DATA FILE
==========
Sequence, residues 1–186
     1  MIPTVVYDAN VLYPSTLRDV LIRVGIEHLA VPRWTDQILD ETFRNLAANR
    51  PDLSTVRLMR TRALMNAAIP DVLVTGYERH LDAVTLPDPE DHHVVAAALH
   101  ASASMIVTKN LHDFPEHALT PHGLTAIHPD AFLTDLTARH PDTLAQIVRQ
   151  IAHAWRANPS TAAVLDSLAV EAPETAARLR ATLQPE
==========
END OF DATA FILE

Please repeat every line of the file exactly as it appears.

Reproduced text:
Sequence, residues 1–186
     1  MIPTVVYDAN VLYPSTLRDV LIRVGIEHLA VPRWTDQILD ETFRNLAANR
    51  PDLSTVRLMR TRALMNAAIP DVLVTGYERH LDAVTLPDPE DHHVVAAALH
   101  ASASMIVTKN LHDFPEHALT PHGLTAIHPD AFLTDLTARH PDTLAQIVRQ
   151  IAHAWRANPS TAAVLDSLAV EAPETAARLR ATLQPE